We are all constantly bombarded with so much information (some studies say over 80,000+ bits per second), that the conscious mind cannot possibly handle it all while focusing on important tasks. So, much of that excess gets buried in the unconscious and collects there. Dreams and nightmares are our way of dumping the trash. If you dream about smoking a cigarette, it does not mean that you want to smoke! It simply can mean that your mind is letting go of what it no longer needs…deleting unnecessary files if you will.

Dreams also send up messages from the deep about what needs to be examined. For example, if you are conflicted about something in your life, your nightmare or dream will send up a message to you in the form of a symbol or image. It has it own world of symbology and images, so don’t try to analyze your dreams/nightmares literally. Instead, break down each image, object, event and ask yourself about your own feelings about it.

There are no universal meanings for dreams; they are relative to the individual, and can certainly change over time, depending on life experiences and circumstances. What you then want to examine is what part of you is reflected in that person/object/image/experience. That is the hidden message in the dream/nightmare.

If you dream about a snake, for example, it does mean that you want to buy a snake or will be bitten by one soon. Rather, you want to ask yourself how you feel about snakes. Then, what part of you identifies with a snake. If you like snakes, perhaps you are feeling sexy and slinky. If you are afraid of them, perhaps you are feeling sneaky or mean. If you dream about your mother, it is not about your mother per se; it is about the part of you (good or bad!) you feel is reflected in her.

I once had a frightful dream in which I was onstage, poised by a conductor to play a flute concerto with the orchestra and have never played flute in my life! While I find flute music to be very soothing and beautiful, the dream was about my feeling unprepared in my own life for doing something soothing and beautiful.

It actually was the night before I had an interview to be a psychological assistant, and my dream was a release of the insecurity of being good enough/prepared enough to do what I find soothing and beautiful, opening up a space to move to the next level in my career.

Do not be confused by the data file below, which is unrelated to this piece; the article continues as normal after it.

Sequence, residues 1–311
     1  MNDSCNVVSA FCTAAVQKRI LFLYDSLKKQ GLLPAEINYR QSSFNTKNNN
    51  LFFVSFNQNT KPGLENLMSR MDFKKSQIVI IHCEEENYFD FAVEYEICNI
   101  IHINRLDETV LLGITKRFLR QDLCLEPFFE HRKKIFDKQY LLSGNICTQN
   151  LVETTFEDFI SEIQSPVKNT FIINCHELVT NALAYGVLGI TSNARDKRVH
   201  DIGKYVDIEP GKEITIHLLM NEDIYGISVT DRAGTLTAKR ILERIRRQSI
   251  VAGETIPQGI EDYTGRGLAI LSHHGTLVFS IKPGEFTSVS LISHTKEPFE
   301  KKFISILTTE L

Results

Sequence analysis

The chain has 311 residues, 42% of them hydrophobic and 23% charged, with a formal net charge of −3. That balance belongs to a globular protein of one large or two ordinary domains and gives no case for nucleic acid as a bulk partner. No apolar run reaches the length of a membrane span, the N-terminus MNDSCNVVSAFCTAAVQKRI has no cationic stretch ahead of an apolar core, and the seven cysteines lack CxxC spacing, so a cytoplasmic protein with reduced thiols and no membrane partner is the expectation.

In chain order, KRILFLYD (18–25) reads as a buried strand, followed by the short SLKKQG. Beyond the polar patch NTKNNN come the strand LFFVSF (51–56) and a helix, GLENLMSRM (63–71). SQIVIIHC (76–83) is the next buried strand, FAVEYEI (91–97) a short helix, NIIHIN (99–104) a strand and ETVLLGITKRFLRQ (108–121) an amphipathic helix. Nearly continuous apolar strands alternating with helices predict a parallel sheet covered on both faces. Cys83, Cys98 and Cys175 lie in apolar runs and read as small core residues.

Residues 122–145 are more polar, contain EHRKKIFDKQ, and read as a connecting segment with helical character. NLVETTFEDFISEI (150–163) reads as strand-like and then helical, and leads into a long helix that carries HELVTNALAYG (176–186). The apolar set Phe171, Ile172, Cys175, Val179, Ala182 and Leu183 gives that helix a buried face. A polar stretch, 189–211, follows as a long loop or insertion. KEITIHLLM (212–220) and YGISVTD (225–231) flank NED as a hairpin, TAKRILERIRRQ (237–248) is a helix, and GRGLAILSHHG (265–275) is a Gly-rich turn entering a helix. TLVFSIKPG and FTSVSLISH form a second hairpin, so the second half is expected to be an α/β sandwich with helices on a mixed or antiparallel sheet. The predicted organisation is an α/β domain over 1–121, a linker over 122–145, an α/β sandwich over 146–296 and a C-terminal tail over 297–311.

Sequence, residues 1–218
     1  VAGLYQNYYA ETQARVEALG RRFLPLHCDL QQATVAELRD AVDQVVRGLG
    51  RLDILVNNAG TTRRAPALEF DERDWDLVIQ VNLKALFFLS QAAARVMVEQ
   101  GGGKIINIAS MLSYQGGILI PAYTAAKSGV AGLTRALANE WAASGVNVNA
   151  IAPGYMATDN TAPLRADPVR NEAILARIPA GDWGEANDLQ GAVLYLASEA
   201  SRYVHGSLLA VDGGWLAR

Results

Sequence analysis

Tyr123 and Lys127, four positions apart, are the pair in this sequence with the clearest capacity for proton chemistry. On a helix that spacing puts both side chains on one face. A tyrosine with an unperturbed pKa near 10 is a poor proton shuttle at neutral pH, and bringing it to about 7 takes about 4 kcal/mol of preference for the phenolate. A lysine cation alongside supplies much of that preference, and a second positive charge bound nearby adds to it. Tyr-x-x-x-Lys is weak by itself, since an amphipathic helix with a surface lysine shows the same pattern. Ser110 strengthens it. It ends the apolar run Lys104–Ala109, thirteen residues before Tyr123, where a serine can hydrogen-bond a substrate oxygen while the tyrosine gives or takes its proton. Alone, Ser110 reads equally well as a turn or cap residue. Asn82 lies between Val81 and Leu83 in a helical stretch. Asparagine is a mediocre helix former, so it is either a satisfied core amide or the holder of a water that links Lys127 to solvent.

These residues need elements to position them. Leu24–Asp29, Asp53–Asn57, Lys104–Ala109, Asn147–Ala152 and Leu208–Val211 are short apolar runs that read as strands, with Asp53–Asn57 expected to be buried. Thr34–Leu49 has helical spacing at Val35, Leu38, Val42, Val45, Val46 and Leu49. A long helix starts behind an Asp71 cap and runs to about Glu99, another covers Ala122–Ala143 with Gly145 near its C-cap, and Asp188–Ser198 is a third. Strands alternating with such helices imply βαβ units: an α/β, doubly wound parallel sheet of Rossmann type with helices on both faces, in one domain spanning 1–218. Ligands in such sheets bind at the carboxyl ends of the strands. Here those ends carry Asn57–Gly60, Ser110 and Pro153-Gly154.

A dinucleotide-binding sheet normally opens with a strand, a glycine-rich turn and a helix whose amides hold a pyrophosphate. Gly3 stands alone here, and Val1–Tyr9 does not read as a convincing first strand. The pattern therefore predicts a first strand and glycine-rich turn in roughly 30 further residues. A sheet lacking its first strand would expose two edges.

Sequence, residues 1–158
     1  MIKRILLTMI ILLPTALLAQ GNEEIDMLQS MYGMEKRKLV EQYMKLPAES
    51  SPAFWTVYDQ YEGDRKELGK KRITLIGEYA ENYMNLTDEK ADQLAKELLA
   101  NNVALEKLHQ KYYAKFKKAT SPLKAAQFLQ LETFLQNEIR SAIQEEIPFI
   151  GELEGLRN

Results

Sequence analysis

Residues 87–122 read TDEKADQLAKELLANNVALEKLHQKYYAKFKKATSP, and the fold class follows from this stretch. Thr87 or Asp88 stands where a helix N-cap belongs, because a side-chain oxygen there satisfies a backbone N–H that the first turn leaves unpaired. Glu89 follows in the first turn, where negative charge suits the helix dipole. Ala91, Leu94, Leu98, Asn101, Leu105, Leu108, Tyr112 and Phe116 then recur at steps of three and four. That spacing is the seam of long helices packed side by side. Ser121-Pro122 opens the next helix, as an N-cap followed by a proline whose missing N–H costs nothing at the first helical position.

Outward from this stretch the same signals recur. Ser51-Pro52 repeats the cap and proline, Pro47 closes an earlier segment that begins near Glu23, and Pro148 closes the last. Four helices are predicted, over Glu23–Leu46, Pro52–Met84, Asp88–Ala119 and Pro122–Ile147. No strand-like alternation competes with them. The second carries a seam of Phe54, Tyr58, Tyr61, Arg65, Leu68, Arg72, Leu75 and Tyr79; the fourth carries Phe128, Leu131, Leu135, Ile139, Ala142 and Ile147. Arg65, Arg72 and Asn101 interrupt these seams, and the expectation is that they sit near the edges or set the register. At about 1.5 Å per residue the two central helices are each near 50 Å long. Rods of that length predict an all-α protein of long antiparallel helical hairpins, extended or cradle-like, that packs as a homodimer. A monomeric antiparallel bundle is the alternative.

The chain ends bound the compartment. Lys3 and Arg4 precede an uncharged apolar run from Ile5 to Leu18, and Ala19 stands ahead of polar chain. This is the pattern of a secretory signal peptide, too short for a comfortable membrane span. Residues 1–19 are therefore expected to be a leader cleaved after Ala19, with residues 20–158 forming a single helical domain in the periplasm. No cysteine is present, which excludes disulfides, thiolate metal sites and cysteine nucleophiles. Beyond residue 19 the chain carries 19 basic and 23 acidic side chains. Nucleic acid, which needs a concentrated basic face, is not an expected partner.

Many have similar dreams, the “actor’s nightmare,” or students taking an important test and going blank, or a job interview where you forget your resume. Venting that fear allows us to discharge the fear and anxiety, and focus on the task at hand during our waking hours.

Quite a relief, huh? We are so conditioned to criticizing ourselves that we will even find ways to make our dreams wrong! Remember, everything has a positive intent. So embrace your nightmares and dreams for giving you clues to resolving conflicts and seeing yourself more clearly. Look for that gem, even when it is buried in pain. You can do that in your waking hours, too.

Sweet dreams.

Knowing that Anxiety Will Pass Reduces Its Effects

Sunday, September 19th, 2021

Many anxiety sufferers, including those afflicted by severe social anxiety, become very wrapped up in their heads about the anxiety that they know that they will soon experience. For example, a person is heading out to the local fast-food restaurant and is afraid of talking to the operator at the drive-thru, and the mere knowledge that this is going to happen and that this is going to cause anxiety is something that causes even more anxiety for the person in question.

One of the main fears of those affected by anxiety is the anxiety itself, and the knowledge that when it is present, life is going to be more challenging and the individual in question is going to have to deal with its effects. These effects can be terrifying in themselves as well.

One powerful anxiety-recovery tool, aside from the many others available, is the knowledge that even though this anxiety is going to happen and is going to disrupt a person’s life in some way, that eventually the anxiety will pass and everything will feel much more manageable once again.

The scariest part about anxiety for those affected by it is not knowing how to handle it and knowing that instead, life is simply going to be miserable for some time.

A useful metaphor for thinking about this is for one to envision one’s self-driving along an open road on a flat stretch of desert land. Everything is peaceful and harmonious. However, the driver sees a huge mountain up ahead (similar to a person knowing anxiety is going to calm and that he or she cannot handle it), and he or she becomes very intimidated by its presence, knowing that it will be difficult to traverse.